Fit for purpose
The ambitious SES and NextGen projects are trying to speed up the process of innovation in a period when it is most needed. But there are many other projects underway to make the air transport system fit for purpose in its second century.
Probably the most significant work is being done by the International Civil Aviation Organization (ICAO), which has the task to coordinate, develop and implement its Global Air Navigation Plan. This framework defines the building blocks necessary for the upgrade and development of ATM systems and concepts around the world. These building blocks, called Aviation System Block Upgrades or ASBUs, are aimed at ensuring global upgrades proceed on a consistent and predictable basis, as each State moves along the development path at an appropriate pace.
In Asia Pacific, countries like Australia and Japan are also dedicated to developing strategic plans for the future of ATM consistent with the ASBUs.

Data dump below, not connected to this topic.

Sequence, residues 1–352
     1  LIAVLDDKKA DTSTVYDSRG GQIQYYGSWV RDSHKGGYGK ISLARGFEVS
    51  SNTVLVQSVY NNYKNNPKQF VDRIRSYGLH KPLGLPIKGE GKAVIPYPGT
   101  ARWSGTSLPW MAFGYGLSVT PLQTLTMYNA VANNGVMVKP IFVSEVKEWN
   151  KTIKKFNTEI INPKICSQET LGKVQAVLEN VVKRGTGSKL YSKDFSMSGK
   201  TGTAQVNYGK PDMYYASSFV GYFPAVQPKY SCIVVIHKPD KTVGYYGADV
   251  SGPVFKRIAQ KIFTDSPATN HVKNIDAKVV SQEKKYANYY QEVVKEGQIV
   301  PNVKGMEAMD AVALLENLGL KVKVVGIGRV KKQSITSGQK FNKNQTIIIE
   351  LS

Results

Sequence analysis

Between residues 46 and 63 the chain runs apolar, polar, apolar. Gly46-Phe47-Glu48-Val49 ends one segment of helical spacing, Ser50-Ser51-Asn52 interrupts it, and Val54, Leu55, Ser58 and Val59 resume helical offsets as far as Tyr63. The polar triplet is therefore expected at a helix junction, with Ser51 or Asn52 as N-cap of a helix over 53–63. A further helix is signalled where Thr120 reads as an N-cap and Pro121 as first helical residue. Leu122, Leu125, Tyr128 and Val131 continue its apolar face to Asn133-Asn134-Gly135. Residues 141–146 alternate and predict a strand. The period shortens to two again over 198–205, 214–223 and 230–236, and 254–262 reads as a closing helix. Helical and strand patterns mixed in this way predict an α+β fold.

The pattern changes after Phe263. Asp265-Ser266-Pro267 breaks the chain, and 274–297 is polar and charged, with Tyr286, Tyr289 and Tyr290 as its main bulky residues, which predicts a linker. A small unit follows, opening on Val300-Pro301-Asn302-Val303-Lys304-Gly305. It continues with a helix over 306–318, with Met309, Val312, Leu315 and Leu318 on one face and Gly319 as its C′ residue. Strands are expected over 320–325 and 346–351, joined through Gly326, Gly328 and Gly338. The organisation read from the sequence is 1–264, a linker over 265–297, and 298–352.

Meanwhile, the inappropriate distribution of airport capacity across the globe is predicted to cause significant problems by 2035. While several major airports cannot easily continue to expand, some regional airports have overcapacity. As a consequence, by way of example, EUROCONTROL estimated that by 2035 approximately 12% of the demand for flights in Europe will have to remain unfulfilled. The causes of delay may be multiple (airport capacity, airspace capacity, weather disruptions) but the challenges of growth foreshadow a significant capacity gap in the coming 20 years.
Once again, the ATM system will be called on to find innovative technological solutions to overcome the issues caused by the predicted demand surge and to maintain the current high safety levels.
Air traffic flow management (ATFM) was developed to improve the operational side of aviation by using up-to-date flight information to anticipate future traffic demand across the entire network. First in the Command Center in the United States, and then with the Central Flow Management Unit in Europe, ATFM has become a fundamental part of managing and optimising congested airspace.
It’s all about the data